THE TRAVELS OF IBN THOMAS is technically a sequel to the author’s previous The Sugar Merchant, but it stands well on its own. This well-researched, well-crafted book does a superb job of capturing the rich, conflict-ridden, mutually suspicious, but also frequently fruitful interactions between cultures, faiths, and communities that did so much to bring new knowledge, trade goods, and ideas to medieval Europe in the eleventh century. The narrator is cleverly placed between worlds, having been raised until the age of eight as a Muslim by his Muslim grandfather and Jewish adopted uncle, educated at a Christian monastery until age twelve, and then sent to the rich and diverse school of medicine then prospering in Salerno, where men and women from a wide range of backgrounds both studied and taught. (Thomas’s deep respect for a female medical practitioner and teacher, Trota of Ruggiero, is not in the least out of place for a student at the Salernitan School, despite our modern assumptions – she was a real and remarkable historical figure, and by no means the only woman who studied, practiced, or taught medicine in those days.)
Historical characters, notably the Countess Adelaide of Sicily and her son, the future Count Ruggiero, are brought vividly and clearly to life, full of personality and color. The fictional characters in the book are equally well-developed, each with their own convictions, background, and temperaments, interacting believably and intelligently with others. Thomas is given beliefs and knowledge appropriate to his time and upbringing, without pushing him either into the stereotype of the closed-minded, ignorant medieval physician or alternately giving him a more modern understanding of medicine, religion, or politics than a man of his background should have had.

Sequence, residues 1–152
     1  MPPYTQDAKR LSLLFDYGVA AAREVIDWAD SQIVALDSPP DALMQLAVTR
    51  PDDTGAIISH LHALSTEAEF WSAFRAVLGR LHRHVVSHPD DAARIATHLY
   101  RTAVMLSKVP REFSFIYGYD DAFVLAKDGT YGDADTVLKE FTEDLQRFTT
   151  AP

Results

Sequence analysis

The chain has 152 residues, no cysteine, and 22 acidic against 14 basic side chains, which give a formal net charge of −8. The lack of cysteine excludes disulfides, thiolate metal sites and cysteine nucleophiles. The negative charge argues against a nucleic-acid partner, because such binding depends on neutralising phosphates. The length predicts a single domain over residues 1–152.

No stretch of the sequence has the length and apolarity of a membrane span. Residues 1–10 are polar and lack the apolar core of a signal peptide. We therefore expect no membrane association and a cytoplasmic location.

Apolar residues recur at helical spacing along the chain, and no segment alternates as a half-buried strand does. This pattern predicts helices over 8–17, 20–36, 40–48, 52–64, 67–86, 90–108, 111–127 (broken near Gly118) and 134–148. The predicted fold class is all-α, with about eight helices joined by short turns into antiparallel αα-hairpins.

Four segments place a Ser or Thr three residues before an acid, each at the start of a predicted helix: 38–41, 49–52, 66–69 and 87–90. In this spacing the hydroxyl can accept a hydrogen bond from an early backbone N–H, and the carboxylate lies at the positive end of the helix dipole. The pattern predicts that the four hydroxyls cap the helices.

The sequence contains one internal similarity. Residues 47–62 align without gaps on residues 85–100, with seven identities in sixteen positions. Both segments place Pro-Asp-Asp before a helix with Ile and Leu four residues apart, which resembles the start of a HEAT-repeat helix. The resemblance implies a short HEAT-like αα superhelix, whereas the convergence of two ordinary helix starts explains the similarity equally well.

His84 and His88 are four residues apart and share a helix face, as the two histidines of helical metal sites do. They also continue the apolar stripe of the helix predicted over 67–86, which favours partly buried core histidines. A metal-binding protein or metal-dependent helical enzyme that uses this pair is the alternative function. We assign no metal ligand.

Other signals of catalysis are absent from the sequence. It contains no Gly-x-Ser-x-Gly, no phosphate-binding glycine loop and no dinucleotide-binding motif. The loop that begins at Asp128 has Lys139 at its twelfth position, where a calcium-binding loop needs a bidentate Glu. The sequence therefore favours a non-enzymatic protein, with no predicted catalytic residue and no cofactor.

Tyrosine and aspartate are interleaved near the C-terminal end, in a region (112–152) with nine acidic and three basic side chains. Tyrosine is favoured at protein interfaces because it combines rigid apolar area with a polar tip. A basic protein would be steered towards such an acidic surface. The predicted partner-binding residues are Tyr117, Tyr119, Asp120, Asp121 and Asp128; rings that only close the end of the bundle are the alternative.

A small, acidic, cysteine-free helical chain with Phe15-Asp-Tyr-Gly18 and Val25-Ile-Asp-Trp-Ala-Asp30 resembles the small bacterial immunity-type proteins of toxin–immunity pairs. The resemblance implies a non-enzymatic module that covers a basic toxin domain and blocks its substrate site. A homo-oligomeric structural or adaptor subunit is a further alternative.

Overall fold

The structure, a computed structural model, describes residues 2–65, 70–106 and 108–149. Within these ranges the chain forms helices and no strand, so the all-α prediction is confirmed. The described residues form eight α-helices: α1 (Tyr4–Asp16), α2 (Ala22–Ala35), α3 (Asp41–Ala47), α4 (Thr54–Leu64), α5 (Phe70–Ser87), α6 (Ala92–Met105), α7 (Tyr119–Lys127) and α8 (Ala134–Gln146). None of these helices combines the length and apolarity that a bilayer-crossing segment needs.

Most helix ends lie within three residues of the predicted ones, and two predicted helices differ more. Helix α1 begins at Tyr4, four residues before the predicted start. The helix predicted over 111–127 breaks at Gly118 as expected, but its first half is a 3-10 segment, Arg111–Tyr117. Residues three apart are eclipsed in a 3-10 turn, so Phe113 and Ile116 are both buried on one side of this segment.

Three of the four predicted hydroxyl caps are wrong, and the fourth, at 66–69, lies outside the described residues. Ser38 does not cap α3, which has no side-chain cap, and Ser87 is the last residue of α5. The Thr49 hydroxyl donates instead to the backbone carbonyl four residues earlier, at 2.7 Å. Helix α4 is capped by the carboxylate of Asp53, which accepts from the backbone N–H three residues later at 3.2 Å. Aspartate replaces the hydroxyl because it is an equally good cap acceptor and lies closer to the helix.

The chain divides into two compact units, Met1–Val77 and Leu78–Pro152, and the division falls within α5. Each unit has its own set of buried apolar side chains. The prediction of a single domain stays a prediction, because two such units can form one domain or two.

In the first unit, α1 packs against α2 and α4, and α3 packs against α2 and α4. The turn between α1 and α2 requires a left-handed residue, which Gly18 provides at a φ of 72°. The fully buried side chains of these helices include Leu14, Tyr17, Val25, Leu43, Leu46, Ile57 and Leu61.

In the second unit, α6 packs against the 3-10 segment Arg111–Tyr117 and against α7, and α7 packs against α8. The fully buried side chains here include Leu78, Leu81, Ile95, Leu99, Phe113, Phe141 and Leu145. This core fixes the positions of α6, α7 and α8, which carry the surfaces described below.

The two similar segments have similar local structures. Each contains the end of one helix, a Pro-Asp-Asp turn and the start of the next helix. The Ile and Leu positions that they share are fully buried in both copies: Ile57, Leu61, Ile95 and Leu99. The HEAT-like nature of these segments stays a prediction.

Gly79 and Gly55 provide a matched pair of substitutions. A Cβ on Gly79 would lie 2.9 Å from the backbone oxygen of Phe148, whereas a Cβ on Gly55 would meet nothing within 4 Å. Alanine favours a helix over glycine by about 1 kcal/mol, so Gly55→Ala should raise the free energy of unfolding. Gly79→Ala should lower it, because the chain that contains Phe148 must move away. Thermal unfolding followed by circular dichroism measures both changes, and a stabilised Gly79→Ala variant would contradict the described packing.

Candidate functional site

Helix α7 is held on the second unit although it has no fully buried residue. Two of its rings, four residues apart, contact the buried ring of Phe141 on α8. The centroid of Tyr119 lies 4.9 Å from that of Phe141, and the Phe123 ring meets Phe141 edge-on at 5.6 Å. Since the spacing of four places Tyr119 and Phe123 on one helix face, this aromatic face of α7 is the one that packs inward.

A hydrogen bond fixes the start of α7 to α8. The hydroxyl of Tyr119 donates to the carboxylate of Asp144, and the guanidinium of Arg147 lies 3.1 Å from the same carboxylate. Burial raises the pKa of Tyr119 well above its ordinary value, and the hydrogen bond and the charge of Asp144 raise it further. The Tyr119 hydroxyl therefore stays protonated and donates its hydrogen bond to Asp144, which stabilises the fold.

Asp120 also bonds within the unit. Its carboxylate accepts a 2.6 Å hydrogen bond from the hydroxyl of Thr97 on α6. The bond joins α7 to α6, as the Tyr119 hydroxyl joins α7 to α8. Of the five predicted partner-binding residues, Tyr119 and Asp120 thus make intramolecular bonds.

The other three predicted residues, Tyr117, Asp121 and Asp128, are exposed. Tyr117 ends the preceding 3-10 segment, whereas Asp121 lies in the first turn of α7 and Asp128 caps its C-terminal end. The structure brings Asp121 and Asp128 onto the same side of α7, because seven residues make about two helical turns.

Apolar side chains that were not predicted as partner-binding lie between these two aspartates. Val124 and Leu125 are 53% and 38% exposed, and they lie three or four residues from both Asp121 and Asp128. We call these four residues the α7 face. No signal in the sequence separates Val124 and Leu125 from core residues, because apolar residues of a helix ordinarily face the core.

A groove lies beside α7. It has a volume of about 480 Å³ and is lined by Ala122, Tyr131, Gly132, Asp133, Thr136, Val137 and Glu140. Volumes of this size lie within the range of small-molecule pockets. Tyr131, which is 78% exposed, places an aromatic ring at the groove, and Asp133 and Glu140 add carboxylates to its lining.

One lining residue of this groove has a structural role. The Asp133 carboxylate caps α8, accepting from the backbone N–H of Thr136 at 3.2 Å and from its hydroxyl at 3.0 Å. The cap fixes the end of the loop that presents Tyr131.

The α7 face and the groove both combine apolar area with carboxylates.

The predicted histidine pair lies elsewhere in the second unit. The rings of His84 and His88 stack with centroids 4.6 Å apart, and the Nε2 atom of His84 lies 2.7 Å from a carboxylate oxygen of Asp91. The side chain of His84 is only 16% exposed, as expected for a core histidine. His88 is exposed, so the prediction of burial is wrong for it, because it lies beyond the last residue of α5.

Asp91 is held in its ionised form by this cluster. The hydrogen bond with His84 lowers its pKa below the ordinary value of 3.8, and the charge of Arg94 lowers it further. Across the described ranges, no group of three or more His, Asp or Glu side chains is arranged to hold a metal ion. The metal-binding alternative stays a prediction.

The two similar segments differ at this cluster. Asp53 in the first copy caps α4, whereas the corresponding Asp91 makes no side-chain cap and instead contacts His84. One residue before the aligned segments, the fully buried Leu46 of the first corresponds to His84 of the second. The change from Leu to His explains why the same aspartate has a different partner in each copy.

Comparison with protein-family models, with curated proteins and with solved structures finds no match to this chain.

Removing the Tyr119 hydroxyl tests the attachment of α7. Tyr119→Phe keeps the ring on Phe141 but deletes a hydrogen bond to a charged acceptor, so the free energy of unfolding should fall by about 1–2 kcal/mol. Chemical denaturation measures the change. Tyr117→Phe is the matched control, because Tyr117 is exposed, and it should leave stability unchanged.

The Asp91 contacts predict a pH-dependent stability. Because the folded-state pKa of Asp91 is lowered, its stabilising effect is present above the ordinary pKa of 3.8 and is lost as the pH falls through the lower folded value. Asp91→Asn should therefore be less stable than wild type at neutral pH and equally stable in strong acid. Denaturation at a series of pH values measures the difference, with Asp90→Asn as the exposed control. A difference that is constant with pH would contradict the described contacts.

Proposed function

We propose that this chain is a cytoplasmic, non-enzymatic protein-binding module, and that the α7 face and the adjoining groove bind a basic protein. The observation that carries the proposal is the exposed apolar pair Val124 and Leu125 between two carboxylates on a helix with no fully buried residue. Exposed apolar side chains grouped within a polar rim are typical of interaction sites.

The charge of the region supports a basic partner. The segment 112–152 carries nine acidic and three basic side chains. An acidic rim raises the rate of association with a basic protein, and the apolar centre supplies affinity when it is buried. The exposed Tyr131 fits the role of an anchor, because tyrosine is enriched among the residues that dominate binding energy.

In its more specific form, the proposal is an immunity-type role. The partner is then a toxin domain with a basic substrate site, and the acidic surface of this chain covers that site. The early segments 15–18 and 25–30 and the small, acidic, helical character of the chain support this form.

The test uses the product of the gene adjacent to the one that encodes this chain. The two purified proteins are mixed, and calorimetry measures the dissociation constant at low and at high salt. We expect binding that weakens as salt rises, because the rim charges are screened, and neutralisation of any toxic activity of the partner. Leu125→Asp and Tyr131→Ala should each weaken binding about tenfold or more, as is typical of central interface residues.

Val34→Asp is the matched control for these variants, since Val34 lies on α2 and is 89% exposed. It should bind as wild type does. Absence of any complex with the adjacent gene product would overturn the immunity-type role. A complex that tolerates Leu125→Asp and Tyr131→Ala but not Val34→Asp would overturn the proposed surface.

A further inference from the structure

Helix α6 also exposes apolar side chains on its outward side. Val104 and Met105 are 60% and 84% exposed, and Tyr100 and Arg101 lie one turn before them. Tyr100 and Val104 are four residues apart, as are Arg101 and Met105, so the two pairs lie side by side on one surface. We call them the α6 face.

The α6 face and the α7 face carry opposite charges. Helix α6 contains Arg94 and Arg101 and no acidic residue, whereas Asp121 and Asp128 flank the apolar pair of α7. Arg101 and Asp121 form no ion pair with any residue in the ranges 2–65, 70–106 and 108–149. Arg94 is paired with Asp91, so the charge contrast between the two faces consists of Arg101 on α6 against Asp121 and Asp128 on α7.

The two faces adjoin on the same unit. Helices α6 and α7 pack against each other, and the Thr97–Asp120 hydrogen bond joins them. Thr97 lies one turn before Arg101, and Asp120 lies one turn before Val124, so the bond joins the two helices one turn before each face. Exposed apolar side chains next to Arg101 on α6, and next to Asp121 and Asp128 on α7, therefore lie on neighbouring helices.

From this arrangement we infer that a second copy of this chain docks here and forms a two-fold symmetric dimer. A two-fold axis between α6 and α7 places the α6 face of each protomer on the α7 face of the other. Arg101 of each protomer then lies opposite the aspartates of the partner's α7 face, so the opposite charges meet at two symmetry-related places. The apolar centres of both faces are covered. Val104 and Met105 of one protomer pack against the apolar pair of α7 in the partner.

Hutson-Wiley gives us a real sense of the ferment of that time period, of the growth and change brought about by interactions between peoples with different beliefs and cultures, and also of the countless infighting, prejudice, friction and sometimes outright hatred and bigotry that were also spawned by such interactions. The use of Arabic words for goods like “al-sukkar,” “sabun,” and “gazz,” instead of the English “sugar,” “soap,” and “silk,” highlight the novelty and foreignness of these now-familiar items in Europe at the time. The plot is always engaging, and if it sometimes wanders in unexpected directions, well, so does the narrator. What makes the story shine is the experience of it, being brought as a reader into this complicated, swiftly-changing, strange-yet-oddly-familiar world and allowed to travel through it with Thomas ibn Thomas. History buffs and lovers of epic travel tales alike will delight in this well-crafted, engaging novel.
An epic account of the travels of a young eleventh-century physician, THE TRAVELS OF IBN THOMAS sets the reader directly into a rich and historically-accurate world, full of adventure, vivid characters, and genuine life.
~Catherine Langrehr for IndieReader